Emission lines in normal galaxies are powerful tracers of the physical processes associated with the galaxy interstellar medium and the formation of massive stars. They allow quantitative estimates of the star formation rates, as well as of the chemical abundances and physical conditions of the gas in galaxies (McCall et al. 1985; Gallagher et al. 1989; Kennicutt et al. 1994; Zaritsky et al. 1994; Barbaro & Poggianti 1997).
A census of emission line properties in integrated spectra of normal galaxies is particularly interesting in view of studies of galaxies at large redshifts, too distant to be spatially resolved. It provides useful information also for nearby galaxies, as it allows investigating the global properties of their emission. It is well known that emission lines tend to become more prominent as one goes from early to late galaxy types, and the degree to which the spiral arms are resolved into individual HII regions (where most of the emission lines in normal galaxies are produced) is one of the most important criteria for discriminating among the spiral types in the Hubble system (Hubble 1936; Sandage 1961). Kennicutt (1992a, hereafter K92a) has already discussed some properties of the emission lines in integrated spectra, mainly evaluating their reliability as quantitative tracers of the total massive star formation rate in galaxies. Lehnert & Heckman (1994) have examined the location of integrated spectra of galaxies in the standard emission line diagnostic diagrams used to classify emission line objects (Baldwin et al. 1981; Veilleux & Osterbrock 1987), concluding that the integrated emission in star-forming galaxies has a substantial contribution of a diffuse component, with physical properties different from those found in high surface brightness HII regions. Most studies, however, have focused on the properties of emission lines produced either in HII regions in the spiral arms of disk galaxies (e.g. McCall et al. 1985; Belley & Roy 1992; Oey & Kennicutt 1993; Zaritsky et al. 1994; Kennicutt & Garnett 1996; Roy & Walsh 1997) or in galactic nuclei (Heckman et al. 1980; Keel 1983; Ho et al. 1997). In particular, Zaritsky et al. (1994) have investigated the oxygen abundance properties of a sample of disk galaxies from the spectra of individual HII regions located at various galactocentric radii. They found that the characteristic abundance of the galaxies correlates well with both their morphological type and their luminosity.
In this paper we examine the trends of emission line properties in the integrated spectra of 15 normal, nearby spiral galaxies. The spectra come from Kennicutt's (1992b, hereafter K92b) spectro-photometric atlas.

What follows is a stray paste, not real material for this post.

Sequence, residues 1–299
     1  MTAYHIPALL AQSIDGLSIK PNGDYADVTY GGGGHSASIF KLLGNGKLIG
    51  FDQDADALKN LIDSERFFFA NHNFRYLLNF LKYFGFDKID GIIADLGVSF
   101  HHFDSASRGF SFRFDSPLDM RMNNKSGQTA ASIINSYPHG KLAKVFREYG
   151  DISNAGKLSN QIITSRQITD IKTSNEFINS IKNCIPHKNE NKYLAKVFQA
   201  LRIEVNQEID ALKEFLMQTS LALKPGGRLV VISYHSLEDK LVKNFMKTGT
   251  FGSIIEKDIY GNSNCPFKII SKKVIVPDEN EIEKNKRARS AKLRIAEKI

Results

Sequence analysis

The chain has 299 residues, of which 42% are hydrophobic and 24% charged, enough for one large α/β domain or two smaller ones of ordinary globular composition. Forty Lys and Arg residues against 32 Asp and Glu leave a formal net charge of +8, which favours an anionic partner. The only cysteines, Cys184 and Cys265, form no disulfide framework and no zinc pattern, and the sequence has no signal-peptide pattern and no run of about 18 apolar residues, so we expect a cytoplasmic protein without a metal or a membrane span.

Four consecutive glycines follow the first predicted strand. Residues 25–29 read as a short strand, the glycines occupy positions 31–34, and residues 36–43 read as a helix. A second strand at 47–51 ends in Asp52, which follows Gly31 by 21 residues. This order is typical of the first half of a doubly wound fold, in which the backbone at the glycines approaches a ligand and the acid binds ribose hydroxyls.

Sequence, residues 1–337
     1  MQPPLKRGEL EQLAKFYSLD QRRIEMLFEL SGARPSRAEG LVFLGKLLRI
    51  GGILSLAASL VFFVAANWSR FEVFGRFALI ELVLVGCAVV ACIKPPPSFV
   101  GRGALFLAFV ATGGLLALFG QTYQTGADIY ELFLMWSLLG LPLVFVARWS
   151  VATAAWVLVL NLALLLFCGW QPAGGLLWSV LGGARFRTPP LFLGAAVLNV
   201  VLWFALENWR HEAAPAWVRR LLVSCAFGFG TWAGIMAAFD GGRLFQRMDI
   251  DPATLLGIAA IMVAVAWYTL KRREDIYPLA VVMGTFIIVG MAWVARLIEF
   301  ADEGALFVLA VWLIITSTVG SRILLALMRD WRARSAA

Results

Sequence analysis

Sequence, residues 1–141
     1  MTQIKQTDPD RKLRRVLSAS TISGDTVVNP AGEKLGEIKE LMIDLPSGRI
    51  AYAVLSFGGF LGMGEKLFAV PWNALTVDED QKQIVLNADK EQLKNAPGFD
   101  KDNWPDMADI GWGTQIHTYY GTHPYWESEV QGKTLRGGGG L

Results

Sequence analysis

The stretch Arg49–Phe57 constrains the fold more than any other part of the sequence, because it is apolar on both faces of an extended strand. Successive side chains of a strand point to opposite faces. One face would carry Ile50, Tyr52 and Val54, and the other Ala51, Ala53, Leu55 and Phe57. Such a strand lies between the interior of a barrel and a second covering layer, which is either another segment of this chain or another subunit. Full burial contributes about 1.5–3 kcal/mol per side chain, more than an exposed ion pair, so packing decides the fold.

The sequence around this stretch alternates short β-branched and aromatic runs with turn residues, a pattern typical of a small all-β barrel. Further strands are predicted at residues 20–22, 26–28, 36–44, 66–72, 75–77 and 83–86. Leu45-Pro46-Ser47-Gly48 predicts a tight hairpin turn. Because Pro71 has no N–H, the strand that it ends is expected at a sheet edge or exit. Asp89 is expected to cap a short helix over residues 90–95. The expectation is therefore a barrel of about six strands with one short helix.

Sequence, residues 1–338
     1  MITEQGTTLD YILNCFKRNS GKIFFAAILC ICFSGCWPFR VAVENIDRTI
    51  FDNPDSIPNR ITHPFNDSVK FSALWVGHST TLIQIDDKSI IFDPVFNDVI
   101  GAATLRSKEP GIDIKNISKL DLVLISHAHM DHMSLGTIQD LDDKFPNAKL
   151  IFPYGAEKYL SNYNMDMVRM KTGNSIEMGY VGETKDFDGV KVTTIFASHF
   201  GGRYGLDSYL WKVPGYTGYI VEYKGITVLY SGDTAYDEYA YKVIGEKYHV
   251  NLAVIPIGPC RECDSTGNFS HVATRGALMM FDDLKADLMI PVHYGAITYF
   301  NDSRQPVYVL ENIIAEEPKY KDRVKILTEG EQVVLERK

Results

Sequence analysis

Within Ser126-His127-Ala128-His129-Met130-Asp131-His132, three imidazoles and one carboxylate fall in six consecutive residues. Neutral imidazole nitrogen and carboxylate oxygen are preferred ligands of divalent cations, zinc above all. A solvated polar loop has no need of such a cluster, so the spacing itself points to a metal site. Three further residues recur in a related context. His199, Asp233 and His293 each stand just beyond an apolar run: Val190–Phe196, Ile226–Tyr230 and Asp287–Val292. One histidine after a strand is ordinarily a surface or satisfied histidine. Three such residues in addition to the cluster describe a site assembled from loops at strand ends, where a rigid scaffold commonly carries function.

The galaxies are ordered by galaxy spectral type (hereafter ST), obtained using Principal Component Analysis of the integrated properties of the continua and absorption features of 23 normal galaxies of all morphologies, in a manner similar to the one introduced by Sodré & Cuevas (1994, 1997) and several other authors (e.g., Connolly et al. 1995; Zaritsky et al. 1995; Folkes et al. 1996; Galaz & de Lapparent 1998). Such a procedure allows to define a spectral classification that correlates well with Hubble morphological types and present some advantages over the usual morphological classification. Firstly, it provides quantitative, continuous, and well defined types, avoiding the ambiguities of the intrinsically more qualitative and subjective morphological classification. Secondly, the sequence of galaxies obtained in this way is easier to model than the Hubble sequence, because the physical process behind galaxy spectra are better understood than those needed to explain galaxy morphologies. Thirdly, this classification can be applied to redshift surveys where no information is available on the galaxy morphologies, allowing to "recycle" data obtained for other purposes (de Lapparent et al. 1998; Bromley et al. 1998).
We will show that the patterns of variation of emission line properties along the sequence of normal galaxies are much more regular when considering the galaxy spectral type sequence than when using the morphological sequence.
This paper is organized as follows. In Sect. 2 we introduce the sample of normal galaxies, briefly describe the procedure used to obtain spectral types from integrated galaxy spectra, and present the relevant data for the emission lines in the blue/visible region of the spectra. In Sect. 3 we present the trends of equivalent widths and emission line ratios with galaxy spectral types. In Sect. 4 we interpret these trends, after a brief reminder on emission line theory and a comparison of the loci of integrated galaxy spectra with those of giant HII regions in classical diagnostic diagrams. Finally, in Sect. 5 we summarize our results.
© European Southern Observatory (ESO) 1999
Online publication: April 19, 1999